In Florida and Arizona this past week,one of the great American traditions is taking place. No, we’re not talking about your parents taking a week at your grandparents trailer while you fill the house with every coed within a 100 mile radius, though that’s a fine tradition in and of itself. No, we’re talking about Major League baseball’s spring training, where hopeful rookies, prideful veterans, and drugged up A-Rods gather in places like Dunedin, Sarasota, and Lake Buena Vista at Walt Disney World, Florida, and Mesa and Surprise, Arizona. During February and Mhow’arch, from anywhere in the continental United States, if the wind is blowing just right, you can smell the pine tar, rosin, and syringes promising summer’s game.
So, as Latino players in Arizona, and African American players in Florida prepare for a month of handing over identification every time they step out in their Bentleys, Headshots takes a look back at some of the stranger spring training moments from baseball’s lauded history.
1. Sidd Finch
In the spring of 1985 George Plimpton penned an article for Sports Illustrated entitled “The Curious Case of Sidd Finch.” According to the piece, Finch was a 168-mile-an-hour tossing prospect for the New York Mets, who was raised in an English orphanage, and had learned yoga in Tibet. Hayden Siddhārtha Finch wore but one shoe whilst he pitched, a heavy workman’s boot at that. In an era before Twitter, the story still spread around baseball and the US like wildfire, with other media outlets reporting the story as fact. Finch was soon revealed as an April Fool’s day prank, and ever since baseball has been humorless and riddled with ego and rampant PED abuse.
2. Wife Swap: Yankees Edition
When Headshots suggested a wife swap to Mrs. Headshots Number Two, the response was a quick, “F**k no!” followed by a decade of alimony. Perhaps it’s because the swap we suggested was the Missus for three Misses who danced at the local gentleman’s club. Either way, our inspiration was admittedly from the tale of Yankees pitchers Fritz Peterson and Mike Kekich, who in the spring of 1973 announced to the world that they had agreed to swap families, with Peterson moving in with Kekich’s fam and Kekich rolling at the Casa Peterson. Yanks’ GM Lee MacPhail quipped, “We may have to call off Family Day.” Peterson’s pitching failed him soon after, as he was roundly booed across baseball’s ballparks, Americans so well known for their fidelity. Though Peterson did remain with the former Mrs. Kekich, Kekich and the former Mrs. Peterson’s relationship failed and he eventually took his career to Japan.
3. Goodbye, Vietnam
The Toronto Blue Jays have beens also ran for the two decades since they won back-to-back World Series in the early ’90s. As the team’s fortunes sagged in the late 90s, they brought in former MLB infielder Tim Johnson to manage the team back to its glory years. In order to rally his troops, Johnson told the team the stories of his service in the Vietnam War, and the team finished 3rd in the AL East during his first season as manager. Unfortunately, Johnson had never served in Vietnam, and when the story came to light it was too much for the Jays franchise to bear, and in the spring of 1999, just days before the season, he was replaced by Jim Fregosi. Johnson has not been heard from since, and the Jays continue to suck while playing in the worst ballpark in the world in the frozen tundra of Canada’s least beloved city.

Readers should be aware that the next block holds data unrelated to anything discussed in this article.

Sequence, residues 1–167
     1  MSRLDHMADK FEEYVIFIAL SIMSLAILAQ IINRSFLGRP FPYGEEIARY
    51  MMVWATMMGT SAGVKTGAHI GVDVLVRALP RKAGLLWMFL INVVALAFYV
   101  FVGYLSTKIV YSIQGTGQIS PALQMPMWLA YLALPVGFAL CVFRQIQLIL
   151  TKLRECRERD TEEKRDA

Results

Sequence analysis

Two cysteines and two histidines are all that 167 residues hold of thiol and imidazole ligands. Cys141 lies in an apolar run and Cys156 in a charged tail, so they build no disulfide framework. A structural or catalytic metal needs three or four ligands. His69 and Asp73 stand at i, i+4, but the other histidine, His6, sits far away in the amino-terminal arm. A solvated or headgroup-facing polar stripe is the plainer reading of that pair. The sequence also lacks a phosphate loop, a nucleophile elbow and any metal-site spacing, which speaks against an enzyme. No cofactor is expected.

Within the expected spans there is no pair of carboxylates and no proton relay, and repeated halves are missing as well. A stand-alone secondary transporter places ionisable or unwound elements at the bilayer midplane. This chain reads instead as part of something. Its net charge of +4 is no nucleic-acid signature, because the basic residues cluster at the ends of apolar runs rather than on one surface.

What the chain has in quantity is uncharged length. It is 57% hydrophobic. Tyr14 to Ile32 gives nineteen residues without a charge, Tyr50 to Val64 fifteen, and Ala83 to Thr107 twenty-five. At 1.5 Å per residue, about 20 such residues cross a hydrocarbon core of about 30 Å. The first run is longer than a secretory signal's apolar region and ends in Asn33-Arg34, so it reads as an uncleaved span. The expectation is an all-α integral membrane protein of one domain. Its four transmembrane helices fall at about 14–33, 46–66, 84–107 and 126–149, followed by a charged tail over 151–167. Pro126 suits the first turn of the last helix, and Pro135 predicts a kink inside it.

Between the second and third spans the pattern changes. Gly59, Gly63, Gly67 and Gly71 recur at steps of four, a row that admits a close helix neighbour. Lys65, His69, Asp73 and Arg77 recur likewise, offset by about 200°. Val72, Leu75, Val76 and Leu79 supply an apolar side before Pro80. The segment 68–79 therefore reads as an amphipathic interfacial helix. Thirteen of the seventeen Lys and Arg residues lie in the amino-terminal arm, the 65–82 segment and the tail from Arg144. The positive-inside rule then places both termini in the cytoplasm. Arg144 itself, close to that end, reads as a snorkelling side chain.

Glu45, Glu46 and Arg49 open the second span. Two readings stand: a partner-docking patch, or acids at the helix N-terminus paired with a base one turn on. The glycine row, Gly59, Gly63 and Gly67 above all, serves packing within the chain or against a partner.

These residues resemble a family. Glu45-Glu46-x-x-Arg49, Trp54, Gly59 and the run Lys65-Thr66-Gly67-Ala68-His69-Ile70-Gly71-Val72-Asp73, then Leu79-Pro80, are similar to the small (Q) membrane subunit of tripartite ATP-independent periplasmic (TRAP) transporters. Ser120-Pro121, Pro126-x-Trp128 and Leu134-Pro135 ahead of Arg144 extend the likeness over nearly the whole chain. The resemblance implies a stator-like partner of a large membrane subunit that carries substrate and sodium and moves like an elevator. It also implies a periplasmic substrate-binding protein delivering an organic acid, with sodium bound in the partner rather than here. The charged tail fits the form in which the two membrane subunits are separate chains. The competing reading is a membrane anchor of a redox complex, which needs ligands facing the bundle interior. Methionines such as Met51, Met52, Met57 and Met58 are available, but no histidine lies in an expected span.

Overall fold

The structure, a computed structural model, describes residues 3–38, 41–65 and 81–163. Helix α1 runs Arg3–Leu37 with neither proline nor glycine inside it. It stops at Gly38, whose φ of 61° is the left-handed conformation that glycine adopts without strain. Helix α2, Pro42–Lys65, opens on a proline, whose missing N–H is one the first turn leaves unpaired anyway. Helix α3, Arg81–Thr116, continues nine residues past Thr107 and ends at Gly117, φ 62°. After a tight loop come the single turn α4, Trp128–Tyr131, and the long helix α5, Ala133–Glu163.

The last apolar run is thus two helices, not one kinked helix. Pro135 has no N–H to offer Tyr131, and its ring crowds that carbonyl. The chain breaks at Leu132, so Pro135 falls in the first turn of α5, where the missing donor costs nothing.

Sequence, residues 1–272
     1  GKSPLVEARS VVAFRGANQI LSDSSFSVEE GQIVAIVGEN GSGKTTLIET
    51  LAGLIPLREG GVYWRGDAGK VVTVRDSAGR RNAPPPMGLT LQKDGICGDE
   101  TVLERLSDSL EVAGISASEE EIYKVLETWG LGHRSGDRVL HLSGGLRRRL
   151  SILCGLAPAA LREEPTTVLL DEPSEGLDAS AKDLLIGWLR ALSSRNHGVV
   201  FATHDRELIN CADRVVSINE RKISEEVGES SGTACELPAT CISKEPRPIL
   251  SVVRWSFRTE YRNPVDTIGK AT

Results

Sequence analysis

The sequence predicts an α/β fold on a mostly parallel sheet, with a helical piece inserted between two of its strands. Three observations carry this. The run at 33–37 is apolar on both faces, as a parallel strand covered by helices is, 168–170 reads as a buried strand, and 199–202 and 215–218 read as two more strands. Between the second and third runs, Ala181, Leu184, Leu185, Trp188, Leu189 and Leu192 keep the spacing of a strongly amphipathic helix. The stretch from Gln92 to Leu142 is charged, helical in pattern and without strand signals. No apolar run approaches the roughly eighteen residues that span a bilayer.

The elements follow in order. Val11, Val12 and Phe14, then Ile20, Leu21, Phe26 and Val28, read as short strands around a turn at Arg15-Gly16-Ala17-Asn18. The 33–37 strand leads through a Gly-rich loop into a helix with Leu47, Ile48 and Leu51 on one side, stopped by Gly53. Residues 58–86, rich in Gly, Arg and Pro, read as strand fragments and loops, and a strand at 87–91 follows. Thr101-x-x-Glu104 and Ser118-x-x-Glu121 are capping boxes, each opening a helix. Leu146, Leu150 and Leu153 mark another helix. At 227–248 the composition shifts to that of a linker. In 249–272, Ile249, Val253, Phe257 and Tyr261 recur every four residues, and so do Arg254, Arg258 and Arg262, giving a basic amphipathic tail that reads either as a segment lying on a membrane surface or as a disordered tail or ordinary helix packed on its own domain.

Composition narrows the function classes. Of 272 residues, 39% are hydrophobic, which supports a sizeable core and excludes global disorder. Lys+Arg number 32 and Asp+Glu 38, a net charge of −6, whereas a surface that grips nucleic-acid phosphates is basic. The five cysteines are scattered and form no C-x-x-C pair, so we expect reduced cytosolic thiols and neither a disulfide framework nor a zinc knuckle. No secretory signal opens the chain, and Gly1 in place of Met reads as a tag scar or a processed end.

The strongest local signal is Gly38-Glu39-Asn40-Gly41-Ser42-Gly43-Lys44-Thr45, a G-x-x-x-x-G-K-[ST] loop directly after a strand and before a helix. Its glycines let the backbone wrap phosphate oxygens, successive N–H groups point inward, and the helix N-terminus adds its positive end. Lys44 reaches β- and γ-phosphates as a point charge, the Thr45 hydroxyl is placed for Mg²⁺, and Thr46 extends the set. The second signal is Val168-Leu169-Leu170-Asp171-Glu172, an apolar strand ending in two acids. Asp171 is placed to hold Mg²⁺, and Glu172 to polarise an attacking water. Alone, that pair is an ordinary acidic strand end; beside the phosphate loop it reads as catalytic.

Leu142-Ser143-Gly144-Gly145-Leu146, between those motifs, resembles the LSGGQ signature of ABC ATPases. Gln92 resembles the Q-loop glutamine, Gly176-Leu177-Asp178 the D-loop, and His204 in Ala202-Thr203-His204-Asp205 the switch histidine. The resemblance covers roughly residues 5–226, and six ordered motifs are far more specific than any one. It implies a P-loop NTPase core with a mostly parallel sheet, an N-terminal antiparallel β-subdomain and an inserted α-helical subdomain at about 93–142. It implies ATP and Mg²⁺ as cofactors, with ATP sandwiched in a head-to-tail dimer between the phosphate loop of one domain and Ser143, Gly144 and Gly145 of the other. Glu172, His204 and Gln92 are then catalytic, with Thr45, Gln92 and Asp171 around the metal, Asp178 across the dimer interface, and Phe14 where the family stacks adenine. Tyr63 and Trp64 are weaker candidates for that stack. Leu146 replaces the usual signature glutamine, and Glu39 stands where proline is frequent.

4. Urine Trouble Now
Back in the day, before Human Growth Hormones and blood doping, the drugs consumed and abused by major leaguers were either injected with a dirty shared needle or railed through a brand new $100 bill. Drug tests were performed on occasion, and mostly for show, and were always urine tests. Journeyman outfielder Jay Johnstone was a noted prankster, having set fire to teammates cleats, cut the crotches from their uniforms, and grabbing a hot dog from the concessions mid-game in full gear. As Johnstone was being administered one of these drug tests in the spring of 1976, the MLB tester was suspicious of the outfielder’s sample, so Johnstone promptly drank the specimen. Witnessed contend it was apple juice, but our sources say it was indeed a cup o’ pee.
5. Dead Bird
Headshots grew up a fan of the Montreal Expos, the great team of La Belle Province that was robbed of a World Series shot in 1994 by a work stoppage, and promptly moved…somewhere else.
Besides the heartbreak of ’94, the Blue Monday of ’81, the biggest regret of Expos fans was a trade that sent Johnson and others to the Seattle mariners for Mark Langston. Langston would bolt the Expos as a free agent soon after, and the 6’10” Johnson would go on to a Hall of Fame-quality career. Hating every bit of success Johnson had after leaving the ‘Spos, we were still pained by the strange moment in the spring of 2001 when Johnson killed dove with a pitch. Killed. A dove. While pitching. We hated Johnson, but not enough to wish a bird dead. Maybe a feral cat or vampire bat or a member of the Tea Party’s pet rattlesnake, but not a bird.
What strange tales will accompany this spring? Already we’ve had the explosive news of more PED involvement by major leaguers, but that’s hardly out of the norm. MLB players are drawn to drugs like an intern to the possibility of a paycheck. But rest assured, something weird will happen during Grapefruit or Cactus league play. Like, wife swapping dead dove weird. We’ll raise a glass of urine in celebration when it does.